PewDiePie announcing his DLive partnership, April 9, 2019.

PewDiePie/DLive partnership announced immediately after Modern Consensus scoop

Controversial YouTuber will use the blockchain-based DLive platform for livestreaming

A day after Modern Consensus reported that blockchain-based video livestreaming platform DLive was working on bringing onboard the controversial but hugely popular YouTube personality PewDiePie, a partnership was announced.

“I’m really excited about DLive and really excited to finally be live streaming again,” said PewDiePie, a Swede whose real name is Felix Kjellberg, in a sponsored video posted on YouTube on April 9. He has a huge following—93.68 million—on YouTube.

Yet, livestreaming has been an uneasy tool for the Swedish streamer. In September 2017, seven months after Disney-owned sponsor Maker Studios dropped him for posting anti-Semitic videos, PewDiePie used the “N-word” in the heat of anger while livestreaming himself playing the Player Unknown’s Battleground (PUBG), a multi-player shooter game.

His reputation for offensive content and growing appeal in the white nationalist Alt-Right movement was highlighted on March 15, when the New Zealand Christchurch mosque shooter called out “subscribe to PewDiePie” on the YouTube livestream of his rampage. Kjellberg said he was “sickened” by that comment.

It’s a huge coup for DLive, which with more than 3 million active monthly viewers has less than 3.5% of PewDiePie’s audience.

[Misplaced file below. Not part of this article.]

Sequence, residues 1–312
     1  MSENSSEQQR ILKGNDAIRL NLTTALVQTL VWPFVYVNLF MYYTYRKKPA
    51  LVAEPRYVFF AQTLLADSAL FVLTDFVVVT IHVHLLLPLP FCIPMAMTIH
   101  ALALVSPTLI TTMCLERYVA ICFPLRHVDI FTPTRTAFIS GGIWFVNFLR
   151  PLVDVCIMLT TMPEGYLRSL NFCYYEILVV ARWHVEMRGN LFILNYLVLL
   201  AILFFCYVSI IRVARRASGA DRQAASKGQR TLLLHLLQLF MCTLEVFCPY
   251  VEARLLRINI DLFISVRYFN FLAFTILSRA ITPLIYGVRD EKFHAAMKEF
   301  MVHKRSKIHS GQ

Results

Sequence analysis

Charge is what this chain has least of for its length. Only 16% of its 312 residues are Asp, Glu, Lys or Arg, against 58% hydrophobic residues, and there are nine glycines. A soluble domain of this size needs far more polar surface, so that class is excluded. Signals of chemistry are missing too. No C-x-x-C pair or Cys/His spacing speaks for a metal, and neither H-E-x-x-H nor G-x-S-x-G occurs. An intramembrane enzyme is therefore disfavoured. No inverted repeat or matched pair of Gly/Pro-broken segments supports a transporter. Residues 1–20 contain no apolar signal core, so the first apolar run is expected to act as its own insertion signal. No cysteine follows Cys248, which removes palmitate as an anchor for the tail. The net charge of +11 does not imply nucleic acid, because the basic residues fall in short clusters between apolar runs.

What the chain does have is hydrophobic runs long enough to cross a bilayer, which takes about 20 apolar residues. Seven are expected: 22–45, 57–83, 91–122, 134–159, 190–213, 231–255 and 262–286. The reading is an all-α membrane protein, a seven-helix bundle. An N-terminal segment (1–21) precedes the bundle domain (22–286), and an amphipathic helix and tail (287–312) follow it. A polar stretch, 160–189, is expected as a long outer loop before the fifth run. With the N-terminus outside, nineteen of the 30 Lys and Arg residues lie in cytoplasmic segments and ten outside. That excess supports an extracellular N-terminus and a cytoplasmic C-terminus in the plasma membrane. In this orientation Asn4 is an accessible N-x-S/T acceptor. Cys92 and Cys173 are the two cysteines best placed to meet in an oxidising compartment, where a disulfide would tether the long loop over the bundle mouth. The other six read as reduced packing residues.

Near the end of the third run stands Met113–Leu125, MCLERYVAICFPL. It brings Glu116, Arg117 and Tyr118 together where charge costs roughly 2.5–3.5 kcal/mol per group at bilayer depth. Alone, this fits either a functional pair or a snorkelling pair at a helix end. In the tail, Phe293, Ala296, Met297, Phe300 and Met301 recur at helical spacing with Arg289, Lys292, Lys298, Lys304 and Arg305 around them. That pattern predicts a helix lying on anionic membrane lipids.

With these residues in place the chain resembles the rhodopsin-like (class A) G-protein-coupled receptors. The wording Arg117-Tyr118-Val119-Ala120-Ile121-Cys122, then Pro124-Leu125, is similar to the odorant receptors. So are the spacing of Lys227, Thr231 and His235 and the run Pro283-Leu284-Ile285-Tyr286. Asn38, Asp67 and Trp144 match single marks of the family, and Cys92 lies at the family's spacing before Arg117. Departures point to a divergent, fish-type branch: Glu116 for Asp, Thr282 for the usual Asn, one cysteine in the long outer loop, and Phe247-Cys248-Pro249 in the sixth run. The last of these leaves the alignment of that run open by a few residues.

A DApp built on the Lino Network blockchain, DLive has had more controversial streamers on its platform.

As Modern Consensus reported, the platform banned the livestream InfoWars channel posted by the notorious alt-right conspiracy theorist Alex Jones on April 5, just hours after we pointed it out to DLive. By April 9, all 409 of his videos had been removed.

Kjellberg said he will be livestreaming “very frequently,” beginning on Sunday April 14, when he said he will donate between $10,000 and $50,000 dollars to other DLive livestreamers, which will be contributed bringing viewers to the platform, he said.

Calling DLive “a disruptive solution” Kjellberg praised the platform, saying its “mission is to empower creators.” He focused on the fact that DLive does not take a cut of donations or subscription earnings, that viewers can earn LINO Points—DLive’s cryptocurrency token, sold for $0.012—and that “users themselves get to influence the shape of the platform, guide where it’s direction is going, and also get rewarded.”

He added, “personally, I think it’s really cool to have a creator-based website actually putting creators first.”

Content creators get 90.1 percent of the LINO Points earned, while the remaining 9.9% goes into a fund for viewers who have “locked” LINO Points in their accounts, Viewers can also earn them for watching and engaging with livestreamers. LINO Points are created daily by a proof of stake (PoS) model.

“DLive is a place where instead of competing against each other, it benefits creators to support one another,” said Wilson Wei, co-founder of Lino Network. “With no platform cuts, we incentivize everyone to create the highest quality content for viewers. PewDiePie has always been a fierce advocate for the value that creators bring with their hard work, time, and effort, and he believes in DLive’s vision. Our livestreaming platform has the potential to forever change how creators are represented in this industry, and we’re proud to have PewDiePie help us lead this charge.”

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Leo Jakobson, Modern Consensus editor-in-chief, is a New York-based journalist who has traveled the world writing about incentive travel. He has also covered consumer and employee engagement, small business, the East Coast side of the Internet boom and bust, and New York City crime, nightlife, and politics. Disclosure: Jakobson has put some 401k money into Grayscale Bitcoin Trust.